Richard Adams: 'Perhaps I made Watership Down too dark' - interview
Hooray, everything is great! Rabbits can live and thrive there. But no sooner do they get there, than here come two survivors from Sandleford warren to tell them what happened to their old warren.
And it is so frightening. It is unironically traumatic to read. Because what happens is that men came and gassed the warren. So these two rabbits are the only survivors, and most of them are killed by the gas. Yeah, it was awful. I mean it really— it is. But so they have these two survivors who have come to be with them. Captain Holly and Bluebell.
And Bluebell is kind of a joker, and Captain Holly was in charge of the rabbit army back at Sandleford. The thing that I do love about when they arrive is, Bluebell keeps making all these jokes when they first get there. This is a lot. So they get through hearing that story, which is really rough.
And then something genuinely lovely happens, which is that they meet a wonderful bird named Kehaar. Oh, god, the seagull. Because Hazel is a beautiful genius, the best Chief Rabbit in the whole world. And the other rabbits are like, what are you doing? And my favorite thing is that Kehaar and Bigwig become best of friends. He calls them mudders, and I really like that. Because his speech is rendered in sort of an accent in the book.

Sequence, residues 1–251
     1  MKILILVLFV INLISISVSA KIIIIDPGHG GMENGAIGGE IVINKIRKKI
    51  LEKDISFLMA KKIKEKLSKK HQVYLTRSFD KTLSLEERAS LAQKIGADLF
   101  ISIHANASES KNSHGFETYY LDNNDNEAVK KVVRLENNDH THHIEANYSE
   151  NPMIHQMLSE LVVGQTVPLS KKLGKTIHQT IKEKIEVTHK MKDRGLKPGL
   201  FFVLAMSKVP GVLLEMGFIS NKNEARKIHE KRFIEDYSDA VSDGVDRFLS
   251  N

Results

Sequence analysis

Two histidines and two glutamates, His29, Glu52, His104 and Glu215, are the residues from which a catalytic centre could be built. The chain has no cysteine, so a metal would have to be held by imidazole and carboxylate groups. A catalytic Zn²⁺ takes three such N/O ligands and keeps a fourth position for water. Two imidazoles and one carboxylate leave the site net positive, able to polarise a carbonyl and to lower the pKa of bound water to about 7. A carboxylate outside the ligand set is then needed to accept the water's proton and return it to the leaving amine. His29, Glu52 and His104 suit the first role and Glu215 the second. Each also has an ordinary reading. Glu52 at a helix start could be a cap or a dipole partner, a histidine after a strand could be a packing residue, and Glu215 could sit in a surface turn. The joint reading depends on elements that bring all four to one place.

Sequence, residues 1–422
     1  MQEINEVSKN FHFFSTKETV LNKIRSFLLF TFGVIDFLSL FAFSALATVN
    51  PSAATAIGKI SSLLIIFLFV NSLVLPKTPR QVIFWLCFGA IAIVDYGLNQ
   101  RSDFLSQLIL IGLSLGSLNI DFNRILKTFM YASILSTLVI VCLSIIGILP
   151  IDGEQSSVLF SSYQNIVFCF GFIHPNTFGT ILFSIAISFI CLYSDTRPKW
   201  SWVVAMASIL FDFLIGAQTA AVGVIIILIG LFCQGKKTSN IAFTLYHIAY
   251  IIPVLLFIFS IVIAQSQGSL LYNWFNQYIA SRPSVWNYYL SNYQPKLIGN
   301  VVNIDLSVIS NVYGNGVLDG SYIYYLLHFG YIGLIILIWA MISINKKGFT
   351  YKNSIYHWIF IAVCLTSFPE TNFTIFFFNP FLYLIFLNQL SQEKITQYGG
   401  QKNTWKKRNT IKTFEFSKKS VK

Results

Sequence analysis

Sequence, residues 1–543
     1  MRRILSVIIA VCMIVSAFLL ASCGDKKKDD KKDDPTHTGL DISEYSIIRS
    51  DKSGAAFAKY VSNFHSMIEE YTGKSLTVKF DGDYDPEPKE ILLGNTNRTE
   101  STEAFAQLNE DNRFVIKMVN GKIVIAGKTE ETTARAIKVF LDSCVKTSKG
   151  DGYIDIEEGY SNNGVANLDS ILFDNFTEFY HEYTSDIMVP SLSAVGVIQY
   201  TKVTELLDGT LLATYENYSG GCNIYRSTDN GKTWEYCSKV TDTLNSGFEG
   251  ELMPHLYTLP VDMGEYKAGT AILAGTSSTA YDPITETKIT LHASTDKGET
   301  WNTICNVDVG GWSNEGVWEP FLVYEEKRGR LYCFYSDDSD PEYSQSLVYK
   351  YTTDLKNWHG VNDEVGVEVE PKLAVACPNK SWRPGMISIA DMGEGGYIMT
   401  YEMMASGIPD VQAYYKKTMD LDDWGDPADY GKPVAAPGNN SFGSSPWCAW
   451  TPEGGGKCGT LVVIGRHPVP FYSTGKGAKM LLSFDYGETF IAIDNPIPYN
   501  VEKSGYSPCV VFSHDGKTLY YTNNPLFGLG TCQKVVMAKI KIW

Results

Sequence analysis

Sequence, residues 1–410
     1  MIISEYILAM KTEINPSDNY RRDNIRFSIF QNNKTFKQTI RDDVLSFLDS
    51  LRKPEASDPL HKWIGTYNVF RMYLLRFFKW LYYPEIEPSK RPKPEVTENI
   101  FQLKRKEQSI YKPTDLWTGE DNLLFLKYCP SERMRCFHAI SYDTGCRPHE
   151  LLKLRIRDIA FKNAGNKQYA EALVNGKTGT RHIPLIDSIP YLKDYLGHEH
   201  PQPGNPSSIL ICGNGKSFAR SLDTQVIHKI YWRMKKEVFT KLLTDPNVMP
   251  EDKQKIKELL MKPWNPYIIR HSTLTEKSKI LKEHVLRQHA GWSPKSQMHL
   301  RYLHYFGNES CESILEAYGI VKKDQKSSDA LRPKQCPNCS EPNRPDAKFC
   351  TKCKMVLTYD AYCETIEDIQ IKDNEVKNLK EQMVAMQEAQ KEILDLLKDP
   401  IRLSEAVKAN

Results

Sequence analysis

Which is so cute.
So I always read Kehaar as a Russian accent in my head. Is that how you interpreted it? It made it really great. Yeah, like a Boris and Natasha accent. Well, Kehaar tells them— this plan works.
Kehaar does become their friend. And he tells them about a big warren not too, too far from them with tons of rabbits. It is not great. And they are not friends. The new scary warren. It pops up way earlier in the book that I was expecting. But the stuff with Watership Down and Efrafa takes like three quarters of the book itself, right? Or maybe two thirds. It just popped up way sooner than I was remembering.
What do people think of Watership Down? : movies